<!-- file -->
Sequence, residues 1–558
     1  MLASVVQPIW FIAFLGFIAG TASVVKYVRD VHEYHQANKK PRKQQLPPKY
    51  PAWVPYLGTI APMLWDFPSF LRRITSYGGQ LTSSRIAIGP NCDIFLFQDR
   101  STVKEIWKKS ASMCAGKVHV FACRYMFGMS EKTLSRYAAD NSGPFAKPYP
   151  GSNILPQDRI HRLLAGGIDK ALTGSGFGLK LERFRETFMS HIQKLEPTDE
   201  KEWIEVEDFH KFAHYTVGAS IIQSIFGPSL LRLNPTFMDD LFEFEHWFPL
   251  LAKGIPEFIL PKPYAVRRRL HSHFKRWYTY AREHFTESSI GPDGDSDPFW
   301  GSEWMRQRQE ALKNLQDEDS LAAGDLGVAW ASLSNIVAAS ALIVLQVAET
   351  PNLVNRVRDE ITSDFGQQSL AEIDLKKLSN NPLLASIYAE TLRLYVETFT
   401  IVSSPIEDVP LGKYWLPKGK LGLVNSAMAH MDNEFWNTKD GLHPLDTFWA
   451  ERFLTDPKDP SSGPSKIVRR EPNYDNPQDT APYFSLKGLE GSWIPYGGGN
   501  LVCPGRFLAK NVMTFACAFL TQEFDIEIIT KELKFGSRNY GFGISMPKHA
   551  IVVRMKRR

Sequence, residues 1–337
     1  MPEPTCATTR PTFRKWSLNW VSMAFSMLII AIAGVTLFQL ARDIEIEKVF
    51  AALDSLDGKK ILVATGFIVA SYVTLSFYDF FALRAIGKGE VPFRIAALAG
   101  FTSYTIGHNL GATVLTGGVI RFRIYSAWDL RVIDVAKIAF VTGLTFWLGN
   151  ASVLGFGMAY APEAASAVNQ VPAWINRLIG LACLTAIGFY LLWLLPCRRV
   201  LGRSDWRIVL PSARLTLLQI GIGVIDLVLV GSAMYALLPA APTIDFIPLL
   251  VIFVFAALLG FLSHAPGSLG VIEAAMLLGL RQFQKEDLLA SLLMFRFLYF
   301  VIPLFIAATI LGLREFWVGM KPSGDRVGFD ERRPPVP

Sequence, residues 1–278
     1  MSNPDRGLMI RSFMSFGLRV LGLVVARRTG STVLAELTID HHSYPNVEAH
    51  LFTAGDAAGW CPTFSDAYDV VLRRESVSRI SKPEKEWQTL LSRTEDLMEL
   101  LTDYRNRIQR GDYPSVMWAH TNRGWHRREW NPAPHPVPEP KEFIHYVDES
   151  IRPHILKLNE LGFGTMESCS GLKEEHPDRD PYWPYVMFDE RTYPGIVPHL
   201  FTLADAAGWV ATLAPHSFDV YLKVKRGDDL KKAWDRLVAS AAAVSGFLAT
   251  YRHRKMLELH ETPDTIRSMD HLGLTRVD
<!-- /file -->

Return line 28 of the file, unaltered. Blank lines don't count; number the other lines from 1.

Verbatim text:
   251  YRHRKMLELH ETPDTIRSMD HLGLTRVD